Breaking the Fast

So about a month ago, I decided to take a two week fast from Facebook. A few days into my fast, I heard a bunch of people griping about some changes Facebook had made, how much they hated it, etc. But I held fast. With the exception of replying to some ministry related message in my FB inbox, I didn’t log on at all; no status updates, no news feed perusing, nothing.

After two weeks, I decided to slowly immerse myself back into the world of Facebook. A month after my fast began, here are some of my observations:

  1. Initially, I was shocked at just how many times during the course of the day I had to catch myself from logging on to FB just out of habit. Got a few minutes before a meeting? Sitting at a red light or waiting in a doctor’s office? Out of force of habit, I’d just mindlessly check in to Facebook. My fast revealed to me that at least 10 times a day, I had been wasting time on FB, which is WAY too much.
  2. On the flip side, I was amazed at how much more productive I was by channeling all that energy and time into meaningful tasks. I got more work done, which freed me up to do more of the things that I really want to be doing, rather than wasting time on Facebook.
  3. I knew this would happen, but I felt a lot less connected to my “extended” friends. Like extended family, extended friends are those people that you’re close to, but you don’t talk to them or see them often. Through FB, you’re able to maintain some semblance of correspondence with them, even if the correspondence is intermittent and limited to status updates and comments on walls. By unplugging from FB, I instantly lost what little connection I had with these friends.
  4. But I was hoping this would happen, too — I immediately felt more connected to some of my closest friends. Rather than checking in on them via FB, I had to actually pick up the phone and call them if I wanted to talk. I also felt more present to the people I love the most — my family. Rather than being distracted, I was more fully present in conversation with my family, which was a huge plus. Think about it: how often are you on FB when you could be talking with your spouse or playing with your kids?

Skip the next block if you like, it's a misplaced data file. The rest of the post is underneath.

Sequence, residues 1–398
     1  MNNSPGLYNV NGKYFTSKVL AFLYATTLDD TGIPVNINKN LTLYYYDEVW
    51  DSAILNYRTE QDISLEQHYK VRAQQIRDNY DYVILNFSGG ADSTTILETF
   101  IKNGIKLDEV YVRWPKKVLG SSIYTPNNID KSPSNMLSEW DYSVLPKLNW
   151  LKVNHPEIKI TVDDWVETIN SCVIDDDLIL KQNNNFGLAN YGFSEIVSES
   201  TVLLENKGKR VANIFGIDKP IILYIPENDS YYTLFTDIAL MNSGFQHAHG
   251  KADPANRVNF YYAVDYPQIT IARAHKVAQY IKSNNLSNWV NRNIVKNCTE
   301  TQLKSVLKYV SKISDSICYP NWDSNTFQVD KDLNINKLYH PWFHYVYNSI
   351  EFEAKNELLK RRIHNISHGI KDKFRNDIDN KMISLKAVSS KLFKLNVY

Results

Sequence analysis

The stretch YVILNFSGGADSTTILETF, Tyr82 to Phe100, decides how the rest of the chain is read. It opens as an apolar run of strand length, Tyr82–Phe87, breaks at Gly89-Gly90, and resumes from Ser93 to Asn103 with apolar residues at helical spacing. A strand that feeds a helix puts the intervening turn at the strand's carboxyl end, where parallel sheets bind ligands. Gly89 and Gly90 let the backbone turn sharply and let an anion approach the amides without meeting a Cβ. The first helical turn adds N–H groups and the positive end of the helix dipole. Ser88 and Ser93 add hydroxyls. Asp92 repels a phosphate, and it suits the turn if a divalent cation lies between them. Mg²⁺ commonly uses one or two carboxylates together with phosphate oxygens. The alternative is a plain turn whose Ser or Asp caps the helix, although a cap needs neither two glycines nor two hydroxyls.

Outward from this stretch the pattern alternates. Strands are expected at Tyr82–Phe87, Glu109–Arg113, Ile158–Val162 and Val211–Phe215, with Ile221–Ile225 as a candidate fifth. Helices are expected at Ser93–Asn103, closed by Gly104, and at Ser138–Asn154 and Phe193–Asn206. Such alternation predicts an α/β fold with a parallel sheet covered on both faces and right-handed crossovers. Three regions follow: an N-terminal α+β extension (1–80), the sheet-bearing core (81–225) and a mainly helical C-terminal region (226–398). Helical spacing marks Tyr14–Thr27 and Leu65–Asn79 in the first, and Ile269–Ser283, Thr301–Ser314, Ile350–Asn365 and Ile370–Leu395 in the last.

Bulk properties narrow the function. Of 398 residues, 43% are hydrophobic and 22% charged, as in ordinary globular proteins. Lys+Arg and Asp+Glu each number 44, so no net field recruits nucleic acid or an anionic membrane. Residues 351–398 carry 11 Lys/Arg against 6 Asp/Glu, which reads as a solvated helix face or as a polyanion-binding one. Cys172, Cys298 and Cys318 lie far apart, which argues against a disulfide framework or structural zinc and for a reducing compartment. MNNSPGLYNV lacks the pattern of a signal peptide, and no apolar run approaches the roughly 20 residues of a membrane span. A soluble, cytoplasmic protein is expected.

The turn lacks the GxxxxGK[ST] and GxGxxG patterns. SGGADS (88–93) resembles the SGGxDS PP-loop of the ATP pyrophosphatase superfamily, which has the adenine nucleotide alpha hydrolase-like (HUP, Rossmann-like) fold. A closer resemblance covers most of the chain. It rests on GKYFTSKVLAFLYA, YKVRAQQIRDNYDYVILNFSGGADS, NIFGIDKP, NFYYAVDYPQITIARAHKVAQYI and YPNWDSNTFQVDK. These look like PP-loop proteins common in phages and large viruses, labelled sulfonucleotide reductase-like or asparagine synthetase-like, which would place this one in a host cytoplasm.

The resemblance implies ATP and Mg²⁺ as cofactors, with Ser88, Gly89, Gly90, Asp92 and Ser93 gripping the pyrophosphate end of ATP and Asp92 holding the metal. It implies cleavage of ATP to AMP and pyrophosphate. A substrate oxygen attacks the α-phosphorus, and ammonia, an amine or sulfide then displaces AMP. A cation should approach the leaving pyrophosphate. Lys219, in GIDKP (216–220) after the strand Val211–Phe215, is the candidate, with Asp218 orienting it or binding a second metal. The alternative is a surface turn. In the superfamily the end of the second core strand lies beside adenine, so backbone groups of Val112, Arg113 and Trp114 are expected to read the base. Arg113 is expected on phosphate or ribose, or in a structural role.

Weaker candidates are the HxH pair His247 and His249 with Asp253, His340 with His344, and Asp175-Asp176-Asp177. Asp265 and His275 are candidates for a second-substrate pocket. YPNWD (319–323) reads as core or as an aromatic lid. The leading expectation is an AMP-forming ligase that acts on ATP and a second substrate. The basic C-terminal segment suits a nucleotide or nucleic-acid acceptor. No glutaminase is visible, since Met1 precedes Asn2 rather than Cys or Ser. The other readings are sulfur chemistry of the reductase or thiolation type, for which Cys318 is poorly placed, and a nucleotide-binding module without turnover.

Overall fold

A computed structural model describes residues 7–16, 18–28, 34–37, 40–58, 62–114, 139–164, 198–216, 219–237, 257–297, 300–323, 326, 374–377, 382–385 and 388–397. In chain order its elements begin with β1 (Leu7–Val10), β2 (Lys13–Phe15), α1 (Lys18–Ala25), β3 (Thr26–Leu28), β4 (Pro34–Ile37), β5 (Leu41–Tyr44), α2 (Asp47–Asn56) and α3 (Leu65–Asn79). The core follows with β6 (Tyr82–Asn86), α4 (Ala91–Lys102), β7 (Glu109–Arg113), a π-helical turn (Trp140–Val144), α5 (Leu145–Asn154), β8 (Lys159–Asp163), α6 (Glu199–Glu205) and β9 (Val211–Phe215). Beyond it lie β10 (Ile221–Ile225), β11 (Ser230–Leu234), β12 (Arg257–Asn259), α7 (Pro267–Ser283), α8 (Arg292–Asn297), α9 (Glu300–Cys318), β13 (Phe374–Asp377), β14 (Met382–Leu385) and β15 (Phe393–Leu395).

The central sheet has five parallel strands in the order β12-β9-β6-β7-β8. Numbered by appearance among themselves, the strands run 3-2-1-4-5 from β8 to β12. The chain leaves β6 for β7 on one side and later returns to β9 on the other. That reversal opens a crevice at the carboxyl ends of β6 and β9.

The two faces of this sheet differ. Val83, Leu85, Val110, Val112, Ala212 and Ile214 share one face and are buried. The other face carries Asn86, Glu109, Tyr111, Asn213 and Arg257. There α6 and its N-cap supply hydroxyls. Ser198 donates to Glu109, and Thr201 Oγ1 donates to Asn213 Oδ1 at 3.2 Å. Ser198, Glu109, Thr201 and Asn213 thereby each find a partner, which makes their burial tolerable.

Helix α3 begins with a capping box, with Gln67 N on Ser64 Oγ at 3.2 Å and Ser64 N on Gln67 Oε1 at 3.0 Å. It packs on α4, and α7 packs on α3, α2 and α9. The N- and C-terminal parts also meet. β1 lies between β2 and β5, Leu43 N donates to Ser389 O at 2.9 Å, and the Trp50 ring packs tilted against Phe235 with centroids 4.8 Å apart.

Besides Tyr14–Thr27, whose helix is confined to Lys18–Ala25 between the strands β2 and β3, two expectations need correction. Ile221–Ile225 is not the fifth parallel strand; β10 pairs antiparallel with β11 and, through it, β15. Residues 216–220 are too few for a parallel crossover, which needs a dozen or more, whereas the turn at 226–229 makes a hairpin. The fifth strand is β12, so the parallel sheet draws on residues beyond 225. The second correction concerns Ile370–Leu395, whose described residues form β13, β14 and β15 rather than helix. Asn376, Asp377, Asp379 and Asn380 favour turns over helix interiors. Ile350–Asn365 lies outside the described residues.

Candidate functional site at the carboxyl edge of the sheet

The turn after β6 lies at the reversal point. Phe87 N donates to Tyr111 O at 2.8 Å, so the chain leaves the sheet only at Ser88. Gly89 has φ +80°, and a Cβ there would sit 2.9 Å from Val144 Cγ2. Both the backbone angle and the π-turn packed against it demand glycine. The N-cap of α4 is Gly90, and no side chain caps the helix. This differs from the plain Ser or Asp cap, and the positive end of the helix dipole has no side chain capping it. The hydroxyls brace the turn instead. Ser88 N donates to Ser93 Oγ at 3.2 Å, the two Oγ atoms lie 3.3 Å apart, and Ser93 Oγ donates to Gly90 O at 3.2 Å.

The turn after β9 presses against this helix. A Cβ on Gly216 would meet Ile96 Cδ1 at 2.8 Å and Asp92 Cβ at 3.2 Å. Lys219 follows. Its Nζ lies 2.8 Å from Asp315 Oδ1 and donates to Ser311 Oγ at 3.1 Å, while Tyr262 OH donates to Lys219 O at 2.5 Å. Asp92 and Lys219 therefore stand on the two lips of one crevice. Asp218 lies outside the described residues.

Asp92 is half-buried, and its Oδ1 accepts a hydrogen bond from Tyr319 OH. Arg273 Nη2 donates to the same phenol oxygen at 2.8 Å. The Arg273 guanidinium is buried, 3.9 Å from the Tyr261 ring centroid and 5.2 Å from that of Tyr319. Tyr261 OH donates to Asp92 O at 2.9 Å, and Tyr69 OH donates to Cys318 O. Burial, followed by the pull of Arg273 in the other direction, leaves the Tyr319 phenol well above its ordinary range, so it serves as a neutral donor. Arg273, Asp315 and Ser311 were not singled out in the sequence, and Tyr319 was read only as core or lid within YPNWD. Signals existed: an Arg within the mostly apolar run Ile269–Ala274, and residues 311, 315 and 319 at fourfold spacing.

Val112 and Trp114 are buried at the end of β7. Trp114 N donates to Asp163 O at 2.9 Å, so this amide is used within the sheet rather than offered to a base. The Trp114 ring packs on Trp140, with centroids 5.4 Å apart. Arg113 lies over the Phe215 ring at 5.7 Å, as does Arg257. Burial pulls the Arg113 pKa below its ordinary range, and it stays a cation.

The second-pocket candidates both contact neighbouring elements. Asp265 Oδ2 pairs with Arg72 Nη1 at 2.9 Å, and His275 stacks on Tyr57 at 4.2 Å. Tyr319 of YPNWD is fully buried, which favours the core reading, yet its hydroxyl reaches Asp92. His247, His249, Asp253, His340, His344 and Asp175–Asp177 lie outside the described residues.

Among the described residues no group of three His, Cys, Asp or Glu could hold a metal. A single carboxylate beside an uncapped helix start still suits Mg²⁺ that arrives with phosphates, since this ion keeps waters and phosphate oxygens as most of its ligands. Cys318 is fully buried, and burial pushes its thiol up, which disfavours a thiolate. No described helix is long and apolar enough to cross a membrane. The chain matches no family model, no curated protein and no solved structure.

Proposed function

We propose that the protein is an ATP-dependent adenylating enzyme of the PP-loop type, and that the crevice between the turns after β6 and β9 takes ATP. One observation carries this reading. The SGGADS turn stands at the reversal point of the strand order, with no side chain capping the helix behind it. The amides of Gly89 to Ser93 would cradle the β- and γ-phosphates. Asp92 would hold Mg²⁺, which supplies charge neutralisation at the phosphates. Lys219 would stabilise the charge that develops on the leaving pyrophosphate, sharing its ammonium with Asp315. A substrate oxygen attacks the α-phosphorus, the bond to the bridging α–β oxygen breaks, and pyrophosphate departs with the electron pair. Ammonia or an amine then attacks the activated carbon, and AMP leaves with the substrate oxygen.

5. In the end, I’ve realized how little I really miss Facebook. The fast has been a really healthy exercise to help me see how much of a distraction FB had become in my life. But thankfully, it was just that, a distraction, not an obsession. But after a month (more or less) away from it, I’m ready to come back to FB on my own terms.

What will those terms be? Here are a few suggestions I’m mulling over:

  1. Limits. We all need parameters and limits in our lives. With something like FB, it’s probably even more important because, a) we don’t see it being something that’s very harmful, and b) we don’t see how much of a time suck FB is for us. A healthy relationship with FB respects time and frequency parameters.
  2. God-honoring. The good thing about FB is that it gives you a tremendous platform to communicate with others. A good question to ask: How can I use this platform to best honor God? Status updates can be completely mindless (as plenty of mine are) or they can be intentionally God-focused. I want to use FB to share more scripture, more spiritual thoughts, ask more faith-oriented questions of my friends.
  3. No substitutions. FB communication is an inevitable part of our lives now, but if I can help it, I don’t want to let FB be a substitute for “real” interaction: a phone call, a conversation over a cup of coffee, etc.

All in all, I’d recommend a FB fast for anyone serious about re-evaluating their relationship with social media.

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